A bioinformatics journey is a biological investigation that uses one or more bioinformatics tools, passes sequentially through several rounds of analysis and inference, and reaches an endpoint where testable self-consistencies in the results can provides convincing measures of in silico validation. The process is analogous to solving a crossword puzzle; the fully completed puzzle is far more convincing that a half-solved puzzle, even though more rounds of supposition were required to reach completion than to reach the middle stages.

It is important to recognize when a bioinformatics journey has been performed, because a journey that works on one system may work again on an unrelated system. Systems that are analogous, and thus obey the same bioinformatics grammar, can be investigated through the same reusable bioinformatics journey.

PSI-BLAST provides one of the most familiar types of bioinformatics journey. Weak sequence similarity reported by BLAST is not always a convincing indicator of sequence homology. However, iterated searching with PSI-BLAST can recruit more sequences round after round into a multiple alignment that becomes the source of a progressively more sensitive search tool. Eventually, no more sequences can be recruited and PSI-BLAST is said to have converged. At this endpoint, if the journey was successful, inspecting the resulting multiple alignment and some simple cross-validation can show that all sequences recruited really are homologous; steps performed early on as guesses become confirmed, and are not guesses any longer.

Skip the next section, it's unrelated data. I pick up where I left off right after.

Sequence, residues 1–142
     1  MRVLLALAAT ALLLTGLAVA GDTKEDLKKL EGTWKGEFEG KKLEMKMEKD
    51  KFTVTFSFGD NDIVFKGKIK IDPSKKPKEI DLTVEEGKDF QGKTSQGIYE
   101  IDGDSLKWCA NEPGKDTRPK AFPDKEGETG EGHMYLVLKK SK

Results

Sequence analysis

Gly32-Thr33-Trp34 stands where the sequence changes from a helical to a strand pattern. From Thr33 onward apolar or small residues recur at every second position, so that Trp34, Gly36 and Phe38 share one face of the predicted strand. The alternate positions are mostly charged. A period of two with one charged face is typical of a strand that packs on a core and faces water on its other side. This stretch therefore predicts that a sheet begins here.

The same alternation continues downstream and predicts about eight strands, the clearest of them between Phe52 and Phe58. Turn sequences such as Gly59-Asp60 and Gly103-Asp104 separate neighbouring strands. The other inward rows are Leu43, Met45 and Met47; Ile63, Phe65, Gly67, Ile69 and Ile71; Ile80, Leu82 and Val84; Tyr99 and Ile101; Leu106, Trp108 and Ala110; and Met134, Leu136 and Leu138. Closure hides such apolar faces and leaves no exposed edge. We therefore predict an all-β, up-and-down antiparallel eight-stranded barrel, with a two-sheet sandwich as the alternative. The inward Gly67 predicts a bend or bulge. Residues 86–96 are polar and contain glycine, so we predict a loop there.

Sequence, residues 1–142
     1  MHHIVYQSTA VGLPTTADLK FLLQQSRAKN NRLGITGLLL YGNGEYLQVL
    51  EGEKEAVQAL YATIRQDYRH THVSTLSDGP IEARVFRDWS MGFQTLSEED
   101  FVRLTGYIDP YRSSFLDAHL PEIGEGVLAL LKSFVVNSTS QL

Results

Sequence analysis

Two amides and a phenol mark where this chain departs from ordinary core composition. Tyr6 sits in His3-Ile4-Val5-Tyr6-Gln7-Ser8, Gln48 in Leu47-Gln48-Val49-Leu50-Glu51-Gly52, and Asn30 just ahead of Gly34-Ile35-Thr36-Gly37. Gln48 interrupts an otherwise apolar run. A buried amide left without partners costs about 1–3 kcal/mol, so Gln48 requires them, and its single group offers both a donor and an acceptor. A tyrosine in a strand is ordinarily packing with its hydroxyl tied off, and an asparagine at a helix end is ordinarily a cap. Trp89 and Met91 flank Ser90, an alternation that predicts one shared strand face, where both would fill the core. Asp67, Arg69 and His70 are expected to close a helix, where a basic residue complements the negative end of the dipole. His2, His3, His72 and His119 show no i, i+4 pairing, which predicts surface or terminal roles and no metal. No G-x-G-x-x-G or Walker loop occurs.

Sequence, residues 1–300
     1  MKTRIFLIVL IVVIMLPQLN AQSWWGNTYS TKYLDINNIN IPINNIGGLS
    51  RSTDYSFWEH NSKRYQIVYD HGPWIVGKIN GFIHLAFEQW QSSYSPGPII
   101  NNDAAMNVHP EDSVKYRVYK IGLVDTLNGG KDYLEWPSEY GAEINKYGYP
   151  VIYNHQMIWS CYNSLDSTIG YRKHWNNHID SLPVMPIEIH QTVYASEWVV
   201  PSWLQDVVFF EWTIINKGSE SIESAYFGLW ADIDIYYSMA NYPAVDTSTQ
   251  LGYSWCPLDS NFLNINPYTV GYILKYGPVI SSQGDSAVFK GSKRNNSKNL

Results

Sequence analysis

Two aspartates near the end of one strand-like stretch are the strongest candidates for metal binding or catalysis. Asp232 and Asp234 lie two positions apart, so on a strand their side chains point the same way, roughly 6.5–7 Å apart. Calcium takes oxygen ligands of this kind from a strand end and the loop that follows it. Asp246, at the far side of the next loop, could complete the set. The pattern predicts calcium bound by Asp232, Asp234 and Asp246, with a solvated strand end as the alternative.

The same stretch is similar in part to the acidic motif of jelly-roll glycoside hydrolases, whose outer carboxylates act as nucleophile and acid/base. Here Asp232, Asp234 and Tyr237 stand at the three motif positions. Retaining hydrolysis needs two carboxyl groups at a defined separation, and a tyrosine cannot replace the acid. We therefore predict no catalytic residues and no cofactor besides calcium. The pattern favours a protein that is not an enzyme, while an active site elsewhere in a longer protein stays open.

Besides PSI-BLAST to convergence, examples of bioinformatics journeys include:

  • using annotation walking to expand the guild of protein families for a system such as CRISPR-associated (cas) gene regions, and showing at the end that any gene between two members of the same guild is almost always another member itself.
  • using the HMM for a cofactor biosynthesis protein family to build a phylogenetic profile, and using the profile to discover that correlated proteins include an expanded paralogous family of enzymes seemingly dependent on that cofactor. A technique called SIMBAL performs a data mining exercise that finds which subsequences most closely follow a phylogenetic profile. Matching SIMBAL hotspots to homologous sequences from a solved crystal structure, and showing that these sequences correspond to cofactor-binding sites rather than substrate-binding sites, largely validates an initially weak hypothesis of cofactor-binding specificity.
  • a putative peptide maturase is encoded next to a putative target peptide in one genome. Examination of additional genomes with close homologs to the maturase finds that some have a homolog to the putative target peptide nearby, while others do not. Follow-up examination shows that faulty gene-calling was masking that the target peptide in some species; the family actually is universally present next to the maturase.